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anyone making a living from private tuition?

(9 Posts)
nobodysbabynow Tue 18-Oct-16 16:50:23

Just idly considering my options in case the job keeps on getting harder really. I teach a core subject (and have done for over 20 years). I live rurally but very near a small city. With private tuition and exam marking, has anyone made a reasonable amount of money? I have no mortgage, but would need enough for all the other living expenses.

noblegiraffe Tue 18-Oct-16 16:57:32

What subject? I know a maths teacher who makes a living with tuition, exam marking and Y11 intervention in secondary schools.

ImperialBlether Tue 18-Oct-16 16:59:01

I've been an examiner and been a private tutor, though I did them while I was working. My friends teach Maths - A level and GCSE and can do two or three hours a night if they want to in private tuition. They both mark, too, but hate it. One friend marks very fast (but she's done it for years and years) and she can earn a couple of thousand quite easily - the other earns a few hundred. Private lessons are around £30 - £35 per hour, I think.

The trouble is you can only teach between September and May, because everything stops then for exams, so you'd be relying on marking money for the summer. As the students are in school all day, you'd be working evenings every day. Lots of students work at the weekend, so don't want tuition then.

It's so unreliable as an income. You can be in the middle of marking and your allocation stops because someone else is working faster.

Is there anything else you could do instead?

rollonthesummer Tue 18-Oct-16 17:06:28

There are 11+ tutors around who make a bit of a living but the ones I know (who started tutoring because they started to hate the way teaching was going) are fed up with it now.

It can be good money but fits in really badly with having your own children as you're tutoring from 4-7 weekdays and then all day Saturday. Obviously you can't work during school hours as the children are at school!

They charge about £25 an hour but it's only good money if you manage to have lots of children back to back and the preparation can be very time-consuming as it seems individualised as well.

nobodysbabynow Tue 18-Oct-16 19:38:20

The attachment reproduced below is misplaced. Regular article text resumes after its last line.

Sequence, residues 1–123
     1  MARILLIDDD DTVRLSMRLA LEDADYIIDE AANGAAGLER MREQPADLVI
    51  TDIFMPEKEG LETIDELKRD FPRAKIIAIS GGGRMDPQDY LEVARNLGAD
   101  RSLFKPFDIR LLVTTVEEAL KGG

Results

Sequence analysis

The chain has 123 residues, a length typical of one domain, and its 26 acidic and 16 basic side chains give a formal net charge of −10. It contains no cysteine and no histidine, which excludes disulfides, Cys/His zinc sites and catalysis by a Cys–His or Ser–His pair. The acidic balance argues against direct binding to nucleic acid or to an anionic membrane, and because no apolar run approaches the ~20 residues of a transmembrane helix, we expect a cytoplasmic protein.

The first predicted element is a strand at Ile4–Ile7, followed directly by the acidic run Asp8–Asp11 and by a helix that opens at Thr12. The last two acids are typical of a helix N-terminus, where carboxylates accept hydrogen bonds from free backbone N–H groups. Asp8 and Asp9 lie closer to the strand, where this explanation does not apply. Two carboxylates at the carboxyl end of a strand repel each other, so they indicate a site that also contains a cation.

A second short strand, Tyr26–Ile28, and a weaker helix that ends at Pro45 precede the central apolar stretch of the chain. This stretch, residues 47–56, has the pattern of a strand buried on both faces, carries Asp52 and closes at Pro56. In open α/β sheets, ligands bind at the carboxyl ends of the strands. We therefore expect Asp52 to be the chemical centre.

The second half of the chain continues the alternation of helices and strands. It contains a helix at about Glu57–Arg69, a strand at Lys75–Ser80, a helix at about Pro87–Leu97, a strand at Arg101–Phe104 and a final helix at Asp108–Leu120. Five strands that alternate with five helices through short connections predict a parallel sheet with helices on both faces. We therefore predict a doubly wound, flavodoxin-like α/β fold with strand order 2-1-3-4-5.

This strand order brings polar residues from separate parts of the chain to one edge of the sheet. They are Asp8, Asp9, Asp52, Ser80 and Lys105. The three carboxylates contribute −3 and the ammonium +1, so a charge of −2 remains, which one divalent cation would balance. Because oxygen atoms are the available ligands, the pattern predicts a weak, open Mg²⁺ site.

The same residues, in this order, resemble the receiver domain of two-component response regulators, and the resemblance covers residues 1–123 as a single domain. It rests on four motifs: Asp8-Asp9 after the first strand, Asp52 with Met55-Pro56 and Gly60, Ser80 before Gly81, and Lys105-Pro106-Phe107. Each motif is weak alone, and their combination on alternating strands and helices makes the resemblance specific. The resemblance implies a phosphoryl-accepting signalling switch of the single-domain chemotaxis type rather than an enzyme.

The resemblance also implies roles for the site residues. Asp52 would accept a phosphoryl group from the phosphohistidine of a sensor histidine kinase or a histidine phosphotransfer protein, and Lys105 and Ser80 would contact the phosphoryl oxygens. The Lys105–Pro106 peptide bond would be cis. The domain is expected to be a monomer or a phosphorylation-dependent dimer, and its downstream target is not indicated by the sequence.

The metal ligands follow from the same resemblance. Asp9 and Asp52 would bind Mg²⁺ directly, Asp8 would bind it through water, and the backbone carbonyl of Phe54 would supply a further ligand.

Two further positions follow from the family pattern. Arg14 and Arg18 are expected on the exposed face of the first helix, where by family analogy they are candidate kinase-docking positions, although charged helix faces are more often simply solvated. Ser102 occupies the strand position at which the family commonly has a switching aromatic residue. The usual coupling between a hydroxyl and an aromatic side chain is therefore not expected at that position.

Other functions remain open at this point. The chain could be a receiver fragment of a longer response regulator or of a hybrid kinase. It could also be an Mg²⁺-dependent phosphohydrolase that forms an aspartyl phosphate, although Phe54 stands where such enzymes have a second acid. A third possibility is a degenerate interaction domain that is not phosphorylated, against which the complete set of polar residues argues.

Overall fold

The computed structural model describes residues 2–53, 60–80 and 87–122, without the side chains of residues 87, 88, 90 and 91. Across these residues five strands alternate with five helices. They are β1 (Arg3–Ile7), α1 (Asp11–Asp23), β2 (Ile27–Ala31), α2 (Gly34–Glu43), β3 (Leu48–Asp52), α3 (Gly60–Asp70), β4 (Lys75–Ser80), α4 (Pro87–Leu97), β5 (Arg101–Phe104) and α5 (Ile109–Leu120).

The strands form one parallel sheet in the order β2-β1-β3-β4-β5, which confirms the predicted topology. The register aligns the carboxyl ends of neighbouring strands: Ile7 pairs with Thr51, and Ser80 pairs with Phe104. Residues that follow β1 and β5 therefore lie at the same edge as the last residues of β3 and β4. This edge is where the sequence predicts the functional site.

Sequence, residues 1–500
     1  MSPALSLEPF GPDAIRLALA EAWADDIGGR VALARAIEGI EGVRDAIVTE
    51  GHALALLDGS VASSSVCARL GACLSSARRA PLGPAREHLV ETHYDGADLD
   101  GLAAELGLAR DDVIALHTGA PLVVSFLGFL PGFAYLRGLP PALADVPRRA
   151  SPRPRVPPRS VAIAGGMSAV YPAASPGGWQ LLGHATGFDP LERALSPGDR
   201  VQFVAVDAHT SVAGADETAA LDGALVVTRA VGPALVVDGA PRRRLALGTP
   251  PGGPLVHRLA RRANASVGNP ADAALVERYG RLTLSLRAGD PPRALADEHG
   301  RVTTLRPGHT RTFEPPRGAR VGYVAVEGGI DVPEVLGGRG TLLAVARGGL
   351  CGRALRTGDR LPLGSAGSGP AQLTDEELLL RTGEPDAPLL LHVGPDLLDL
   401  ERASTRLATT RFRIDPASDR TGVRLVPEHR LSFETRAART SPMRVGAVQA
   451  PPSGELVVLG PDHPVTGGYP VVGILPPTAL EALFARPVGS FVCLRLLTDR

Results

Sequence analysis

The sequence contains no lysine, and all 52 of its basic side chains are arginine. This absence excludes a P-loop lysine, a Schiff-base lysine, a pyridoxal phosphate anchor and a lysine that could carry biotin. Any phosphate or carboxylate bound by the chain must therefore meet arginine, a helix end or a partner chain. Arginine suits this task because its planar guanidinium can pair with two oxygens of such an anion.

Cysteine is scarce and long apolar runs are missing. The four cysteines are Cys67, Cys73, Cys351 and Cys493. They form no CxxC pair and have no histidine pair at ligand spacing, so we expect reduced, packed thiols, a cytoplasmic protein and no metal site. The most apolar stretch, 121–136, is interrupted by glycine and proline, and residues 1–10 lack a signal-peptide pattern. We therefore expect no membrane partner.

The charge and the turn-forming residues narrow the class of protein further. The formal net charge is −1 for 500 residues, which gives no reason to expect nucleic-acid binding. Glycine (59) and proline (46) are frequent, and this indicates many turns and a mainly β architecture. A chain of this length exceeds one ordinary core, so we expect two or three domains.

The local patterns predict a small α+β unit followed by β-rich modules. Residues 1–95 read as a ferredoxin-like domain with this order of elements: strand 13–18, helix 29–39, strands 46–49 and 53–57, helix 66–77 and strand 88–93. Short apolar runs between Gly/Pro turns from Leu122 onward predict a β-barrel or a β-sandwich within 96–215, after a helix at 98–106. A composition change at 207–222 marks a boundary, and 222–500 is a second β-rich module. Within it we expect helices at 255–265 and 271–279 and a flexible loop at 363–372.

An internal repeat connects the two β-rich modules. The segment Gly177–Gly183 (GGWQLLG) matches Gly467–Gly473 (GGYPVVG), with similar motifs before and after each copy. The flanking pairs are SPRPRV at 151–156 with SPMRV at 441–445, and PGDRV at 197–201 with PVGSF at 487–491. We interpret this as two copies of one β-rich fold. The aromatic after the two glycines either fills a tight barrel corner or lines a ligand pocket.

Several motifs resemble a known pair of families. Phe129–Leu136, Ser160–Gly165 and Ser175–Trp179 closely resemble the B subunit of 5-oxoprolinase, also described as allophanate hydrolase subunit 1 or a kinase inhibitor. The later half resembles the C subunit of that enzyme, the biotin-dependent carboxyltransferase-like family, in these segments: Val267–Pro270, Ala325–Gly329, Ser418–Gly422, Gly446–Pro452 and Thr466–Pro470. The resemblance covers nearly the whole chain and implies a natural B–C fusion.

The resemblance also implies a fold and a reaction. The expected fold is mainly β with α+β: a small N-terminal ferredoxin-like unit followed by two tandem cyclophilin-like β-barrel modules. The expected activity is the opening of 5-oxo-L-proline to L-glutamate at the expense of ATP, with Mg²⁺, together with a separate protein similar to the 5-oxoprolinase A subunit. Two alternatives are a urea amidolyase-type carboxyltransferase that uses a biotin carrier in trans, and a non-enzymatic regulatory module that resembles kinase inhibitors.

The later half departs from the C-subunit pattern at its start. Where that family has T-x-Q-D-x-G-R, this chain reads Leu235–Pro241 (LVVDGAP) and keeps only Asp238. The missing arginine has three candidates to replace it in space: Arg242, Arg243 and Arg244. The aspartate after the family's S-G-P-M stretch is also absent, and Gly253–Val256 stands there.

English noble. Thanks for all the responses. I think it's probably unrealistic to expect a decent steady income from tutoring, from what you've all said.. Like I said, I'M still happy teaching at the moment, but the direction of travel in education obviously worries me, as I'm sure it does most of us - so I'm just thinking about where I might be in a couple more years really.

Badbadbunny Tue 18-Oct-16 19:50:09

I know a maths/11+ tutor who does OK in early-retirement from teaching (he's early 50's). He charges £40 per hour but he runs it as a proper business, so it's not just an hourly rate in his pocket.

He does Saturdays and Sundays throughout the year and adds in a couple of mid-week full days during school holidays, i.e. Summer and Easter. He also does late afternoon and early evening on some school days (2/3 per week).

Summer holidays are reserved for 11+ tuition. Easter/Christmas holidays are reserved for GCSE and A level Maths tuition. Mid week are a mix of 11+ and Maths GCSE/A level according to who he's got on his books.

He is highly organised. To avoid time wastage and travel costs, he hires a room in a church hall so he sets up his "classroom" and then sees one pupil after another so very little "downtime". He has a fairly strict, old school, style, with quite formal lessons and then a couple of hours worth of homework/practice after each lesson. There's no friendly chit-chat with him - he's right down to business so you really get a good hours' worth of one-to-one tuition. He doesn't take prisoners, he's more than willing to drop a pupil if they don't do the homework and he's quite honest (abrupt) if he doesn't think a pupil is up to the standard needed to get a high enough mark in the test.

For your £40, he provides the materials, mostly photocopied worksheets etc. but he also uses some proper text books and workbooks, and also marks the homework he sets, between lessons, so probably another 15 minutes on top of each one-hour tutoring session. So really, it's 1.25 hours of his time, plus a hour of room rental for your £40!

He also does group mock exams for GCSE, A level and 11+ where he hires a church hall, sets it up with exam desks, and does a proper mock under exam conditions, then marks it and has an hours' feedback/review lesson afterwards.

Despite his fees being on the high side and despite some people who may not like his old-school style, his books are nearly always full and he never advertises - all his business is recommendations/referrals.

EmmaEC1V Wed 19-Oct-16 16:35:14

You might like to ask the same question on The Tutor Pages group on Linkedin where lots of private tutors discuss their experience: www.linkedin.com/groups/3301297

nobodysbabynow Wed 19-Oct-16 18:00:54

Cheers Emma and Bad smile

MissusBea Wed 26-Oct-16 11:39:15

We tried for a while. As others have said, tuition is 4-7pm week days and all day Sat / Sun. The way to boost income is to either open a tuition centre and hire teachers (as well as teaching yourself), or to tutor in schools in the day time (1-1, intervention groups etc). With a mix of approaches, and ideally tutoring from home as opposed to hiring a premises, you can make a living - but you probably won't get rich!

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